I played around configuring different installs of Apache, MySQL and PHP. I tried recompiling source RPMs (SRC.RPM) from FC4, but it became tricky to have multiple versions running. I will try again from source files instead.

My opinion so far is that it is a VERY stable and usable server distribution. If the software it included was newer I would probably be using it as my main Linux desktop. Anyways, more later as I learn more.

Pitfalls to Installing Everything

The purpose of this article is to explain the potential problems in installing every package that comes included in any given Linux distribution. For the most part, this is a bad practice and is not conducive to becoming proficient in Linux for either a seasoned professional or a newcomer (ie. “newbie”). It is my hope that this will help educate people on this subject matter.

There are some abundancy arguments that are commonly used and overstated. Specifically: Disk space, memory and bandwidth are all “cheap”. Technically none of these are always true. In fact these are almost always entirely false in third world countries.

There are some minimal advantages to installing everything. There will not be any dependency issues among software packages included in the software distribution. All software will be immediately available for use to try and test. Other advantages are possible, but these are the most relevant.

The problems I see are as follows:

  • Most software will never be used and is redundant. Many of these applications are designed for experienced users who know how to install them even though they are not included in the default install. Examples: Most newbies do not use ‘vi’ or ’emacs’. Most devel packages are only used for compilation.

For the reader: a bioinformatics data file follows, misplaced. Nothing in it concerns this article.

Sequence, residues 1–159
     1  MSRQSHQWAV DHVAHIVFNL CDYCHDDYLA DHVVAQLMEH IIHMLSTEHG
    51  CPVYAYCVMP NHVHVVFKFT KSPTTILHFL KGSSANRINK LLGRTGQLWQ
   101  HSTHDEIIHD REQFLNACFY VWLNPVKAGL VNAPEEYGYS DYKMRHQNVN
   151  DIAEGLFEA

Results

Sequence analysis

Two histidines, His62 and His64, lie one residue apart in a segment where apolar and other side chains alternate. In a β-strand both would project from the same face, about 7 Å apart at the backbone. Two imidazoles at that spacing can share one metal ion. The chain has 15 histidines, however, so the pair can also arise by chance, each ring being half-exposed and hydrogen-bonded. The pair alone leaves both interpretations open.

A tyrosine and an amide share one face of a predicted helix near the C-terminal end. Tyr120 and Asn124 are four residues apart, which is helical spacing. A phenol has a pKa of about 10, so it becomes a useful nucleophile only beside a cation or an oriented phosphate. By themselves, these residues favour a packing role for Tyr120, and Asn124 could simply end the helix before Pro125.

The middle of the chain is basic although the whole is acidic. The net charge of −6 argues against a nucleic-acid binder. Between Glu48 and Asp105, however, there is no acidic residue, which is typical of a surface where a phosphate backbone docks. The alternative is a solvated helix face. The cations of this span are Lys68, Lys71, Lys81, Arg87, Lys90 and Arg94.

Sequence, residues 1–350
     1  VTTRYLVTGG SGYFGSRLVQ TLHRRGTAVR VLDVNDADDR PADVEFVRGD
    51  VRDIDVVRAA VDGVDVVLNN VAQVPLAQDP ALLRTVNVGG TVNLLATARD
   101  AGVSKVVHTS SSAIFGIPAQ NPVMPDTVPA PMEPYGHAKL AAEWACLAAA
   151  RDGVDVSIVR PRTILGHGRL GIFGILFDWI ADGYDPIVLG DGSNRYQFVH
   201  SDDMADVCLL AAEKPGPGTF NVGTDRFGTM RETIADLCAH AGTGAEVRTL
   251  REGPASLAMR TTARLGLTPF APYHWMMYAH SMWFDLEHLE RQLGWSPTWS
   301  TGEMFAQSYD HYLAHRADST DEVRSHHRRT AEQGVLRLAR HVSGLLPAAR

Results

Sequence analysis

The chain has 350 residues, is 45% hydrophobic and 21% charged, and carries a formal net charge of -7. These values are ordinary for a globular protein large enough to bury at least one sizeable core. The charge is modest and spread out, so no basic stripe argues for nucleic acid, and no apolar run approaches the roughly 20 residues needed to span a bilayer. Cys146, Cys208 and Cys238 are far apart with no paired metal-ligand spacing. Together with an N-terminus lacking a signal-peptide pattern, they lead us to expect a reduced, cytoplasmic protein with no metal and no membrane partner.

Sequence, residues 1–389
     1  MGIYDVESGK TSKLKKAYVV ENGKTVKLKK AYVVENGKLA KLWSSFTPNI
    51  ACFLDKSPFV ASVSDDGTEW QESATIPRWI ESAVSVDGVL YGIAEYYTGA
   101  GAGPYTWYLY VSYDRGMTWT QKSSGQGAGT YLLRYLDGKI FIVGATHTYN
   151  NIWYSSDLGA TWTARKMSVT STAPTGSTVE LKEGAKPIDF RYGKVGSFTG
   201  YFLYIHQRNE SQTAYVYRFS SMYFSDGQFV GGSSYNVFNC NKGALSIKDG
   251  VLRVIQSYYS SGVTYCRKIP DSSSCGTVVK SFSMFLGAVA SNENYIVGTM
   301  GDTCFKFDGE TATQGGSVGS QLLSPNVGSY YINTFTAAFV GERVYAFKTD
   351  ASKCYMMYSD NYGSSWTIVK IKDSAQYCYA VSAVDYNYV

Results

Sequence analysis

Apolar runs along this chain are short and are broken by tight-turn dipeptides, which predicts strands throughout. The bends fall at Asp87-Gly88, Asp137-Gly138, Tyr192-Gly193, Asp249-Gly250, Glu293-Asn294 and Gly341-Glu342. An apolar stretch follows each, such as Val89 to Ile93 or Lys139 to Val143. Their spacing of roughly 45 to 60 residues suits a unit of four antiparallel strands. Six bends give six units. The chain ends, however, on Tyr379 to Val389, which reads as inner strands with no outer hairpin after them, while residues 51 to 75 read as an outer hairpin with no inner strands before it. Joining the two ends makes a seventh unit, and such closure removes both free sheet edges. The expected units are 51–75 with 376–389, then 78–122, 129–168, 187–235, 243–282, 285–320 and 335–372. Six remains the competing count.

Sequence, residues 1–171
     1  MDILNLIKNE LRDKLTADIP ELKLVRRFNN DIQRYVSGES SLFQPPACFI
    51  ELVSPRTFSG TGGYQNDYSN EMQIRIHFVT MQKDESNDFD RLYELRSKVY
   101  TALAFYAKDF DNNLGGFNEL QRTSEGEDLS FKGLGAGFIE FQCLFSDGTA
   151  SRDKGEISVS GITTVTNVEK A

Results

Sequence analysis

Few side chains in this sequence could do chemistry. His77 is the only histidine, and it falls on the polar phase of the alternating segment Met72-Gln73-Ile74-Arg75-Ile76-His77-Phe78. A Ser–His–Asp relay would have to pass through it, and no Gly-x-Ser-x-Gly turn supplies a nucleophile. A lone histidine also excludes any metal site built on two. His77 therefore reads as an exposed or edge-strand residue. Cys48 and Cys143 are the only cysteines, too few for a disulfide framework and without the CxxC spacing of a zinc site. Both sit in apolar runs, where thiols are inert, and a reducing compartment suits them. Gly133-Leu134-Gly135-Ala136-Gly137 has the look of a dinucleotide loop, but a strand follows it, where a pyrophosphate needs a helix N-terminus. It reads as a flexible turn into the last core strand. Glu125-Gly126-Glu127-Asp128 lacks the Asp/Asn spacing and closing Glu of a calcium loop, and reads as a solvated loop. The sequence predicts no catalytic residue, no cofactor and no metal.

• Every software whether used or not must be maintained if they may be accessed by multiple users whether remotely or locally. A typical problem would be for security updates or bugs that you would not normally encounter with default settings.
  • Updates take longer and consume more resources. Everytime a system wide update is done (ex: yum update) it needs to download updates for every single package on the system. Even though you may not pay for your bandwidth, there is some cost to the provider and could serve someone else who could use it more appropriately.
  • (For new comers) You really do not learn anything. It is beneficial at times to understand how software dependancies work and to learn how to install software when needed. Needs change and are not the same for everyone.
  • There is more immediate drain on local resources. Most distributions package enough software to run as either a server and/or a desktop. It does not make sense to run multiple server applications on a desktop machine. Furthermore, most distributions package some packages with the knowledge that some should not run at the same time, i.e. the installer should know what they are doing. Additionally many services and daemons perform redundant tasks, i.e. multiple FTP servers are not typically required or recommended.
  • Although rare, some distributions may include conflicting versions of packages with the intention of the user selecting only one. This is typical of a distribution which may provide a new less popular version in addition to a widely used version. An example in past I’ve seen is (SuSE?) shipping both Apache 1.x as well as Apache 2.x.
  • There are hardware specific options that should not be on every machine and require extra steps to update. In the case of Fedora Core, some kernel packages (which a small population require) are not updated on the same frequency as more common packages. This has lead to some confusion and difficulty.